6. Plan for too short. Talks tend to tick along more quickly when the speakers don’t have the energy of an in-person audience. Presenters won’t know if their joke leads to chuckles, so there won’t be pauses for laughter. In case of wrapping early, keep your attendees engaged with a fun break experience and a note about when the next session will start.
  7. Tell breathtaking stories. Talk tracks and slides will carry a heavier load than usual, so don’t skimp. Here are our tips for what’s hot in slides.
  8. Share the screen. It’s most engaging to share a visual mix of the speaker, demos, and their slides—that’ll require a producer on the backend to do it well.
  9. Be ready for questions. Attendees will still want to ask questions and make themselves known to the presenter. Use a moderator to gather and share questions or schedule a Q&A where attendees can queue up to ask in their own voice.
  10. Give your content legs. Plan to share resources like event recordings, decks, whitepapers and other related content to capitalize on the momentum.
  11. Don’t drop the marketing ball. Capture and segment all engagement, then plan your next touchpoint, whether it’s a follow-up email, a private demo, exclusive access to an eBook, or something else.

We’d love to help make your just-turned-virtual event a worthy marketing investment. From start to finish—promotion, registration pages, speaker training, talk tracks, slides, follow-up, and project management—we’ve got your back. Drop us a line.


We’re throwing a Serious party—here’s why

By: Abby Breckenridge

We’re throwing a Serious party—here’s why

Planning 2A’s Serious Party has us musing on topics like breakthroughs and the Grateful Dead. I’m impressed once again by how creativity leads us down various paths, and I’m getting excited to celebrate traveling down them with our clients and friends on August 1. You should come—it could be fun.

My four-year-old believes that when he squints his eyes and tilts his head just so, he has heat vision—an enviable super-power we’ve learned about from library books. I find myself wishing I had the same confidence in my ability to conjure up a big idea. But for me, creative breakthroughs seem to come along on their own timeline. More like a cat considering my lap than a superhero charging to the rescue.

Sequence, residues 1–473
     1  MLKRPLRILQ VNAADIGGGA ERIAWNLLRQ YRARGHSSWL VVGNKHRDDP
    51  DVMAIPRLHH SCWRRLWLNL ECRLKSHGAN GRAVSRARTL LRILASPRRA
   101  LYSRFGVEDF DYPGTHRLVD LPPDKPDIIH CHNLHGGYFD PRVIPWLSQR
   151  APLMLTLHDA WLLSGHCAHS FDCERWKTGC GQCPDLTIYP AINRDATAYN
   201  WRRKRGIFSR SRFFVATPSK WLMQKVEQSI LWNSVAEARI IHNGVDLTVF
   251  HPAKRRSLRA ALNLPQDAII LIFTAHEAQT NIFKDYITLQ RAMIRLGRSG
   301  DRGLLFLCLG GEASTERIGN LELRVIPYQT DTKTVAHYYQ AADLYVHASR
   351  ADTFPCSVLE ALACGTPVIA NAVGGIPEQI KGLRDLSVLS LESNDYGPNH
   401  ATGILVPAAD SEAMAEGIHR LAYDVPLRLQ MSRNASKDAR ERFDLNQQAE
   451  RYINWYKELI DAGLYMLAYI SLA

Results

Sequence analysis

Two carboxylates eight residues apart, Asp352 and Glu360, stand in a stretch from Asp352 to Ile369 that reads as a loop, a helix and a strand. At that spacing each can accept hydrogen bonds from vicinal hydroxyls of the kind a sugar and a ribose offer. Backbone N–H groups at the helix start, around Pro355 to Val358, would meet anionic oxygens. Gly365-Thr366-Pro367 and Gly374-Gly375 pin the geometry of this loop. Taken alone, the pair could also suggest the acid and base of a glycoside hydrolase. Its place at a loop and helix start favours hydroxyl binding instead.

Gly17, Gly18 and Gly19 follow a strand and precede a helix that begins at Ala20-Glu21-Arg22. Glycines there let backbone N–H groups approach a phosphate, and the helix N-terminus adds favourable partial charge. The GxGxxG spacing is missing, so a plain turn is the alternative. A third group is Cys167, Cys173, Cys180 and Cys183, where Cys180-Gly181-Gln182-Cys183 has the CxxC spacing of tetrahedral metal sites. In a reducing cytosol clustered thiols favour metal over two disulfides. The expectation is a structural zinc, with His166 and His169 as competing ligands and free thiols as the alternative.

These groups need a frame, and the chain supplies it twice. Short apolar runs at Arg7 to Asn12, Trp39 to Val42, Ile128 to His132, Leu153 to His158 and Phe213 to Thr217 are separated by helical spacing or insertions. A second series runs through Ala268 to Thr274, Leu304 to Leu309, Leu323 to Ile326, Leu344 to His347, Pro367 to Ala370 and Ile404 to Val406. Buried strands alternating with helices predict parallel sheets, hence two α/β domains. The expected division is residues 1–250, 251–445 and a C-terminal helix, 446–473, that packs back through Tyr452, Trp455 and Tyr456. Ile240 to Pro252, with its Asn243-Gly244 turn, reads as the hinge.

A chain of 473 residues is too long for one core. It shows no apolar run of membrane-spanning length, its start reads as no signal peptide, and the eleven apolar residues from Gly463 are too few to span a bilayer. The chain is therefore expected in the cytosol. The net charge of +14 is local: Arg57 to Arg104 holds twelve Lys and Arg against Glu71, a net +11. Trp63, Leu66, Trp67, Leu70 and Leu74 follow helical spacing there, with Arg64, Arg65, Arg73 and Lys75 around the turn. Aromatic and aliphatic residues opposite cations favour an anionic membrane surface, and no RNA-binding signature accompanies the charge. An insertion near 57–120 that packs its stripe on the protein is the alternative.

Pairing the uncertainty of how to generate a big idea on demand with the business need to deliver reliable solutions for our clients might result in taking the easy path—recycling last year’s successes, relying on gimmicks, and following trends. But is any of that worth celebrating? We choose to celebrate the messiness necessary for innovation.

In the Amazon hit Long Strange Trip, Amir Bar-Lev presents an in-depth view of the 30-year career of The Grateful Dead. We see the band grappling with the same issue of how to accomplish day-to-day goals without closing the door to creativity. Their identity and success as a singular touring band relied on their ability to inspire the crowd to dance, but as a values-driven squad, they feared getting trapped into using stale ploys to move an audience. “Once it’s a device,” they said, “it’s frozen.” They took their commitment to creative reinvention seriously. We’re inspired by the Dead’s example even as we occasionally question their fashion choices.

Our task as a professional team of creatives is to walk the line between reliable deliverables and envelope-pushing innovation. We strive to build an engine that delivers results, works quickly, and navigates the realities of clients’ marketing needs, while nurturing a culture that invites new ways of telling stories. We believe we can actively cultivate creativity. We reinforce the practice of celebrating failure. We challenge ourselves with exercises that shake up how we think. We study and discuss work that doesn’t necessarily relate to ours. We learn from others and know that our individual paths are unique. We take the challenge seriously.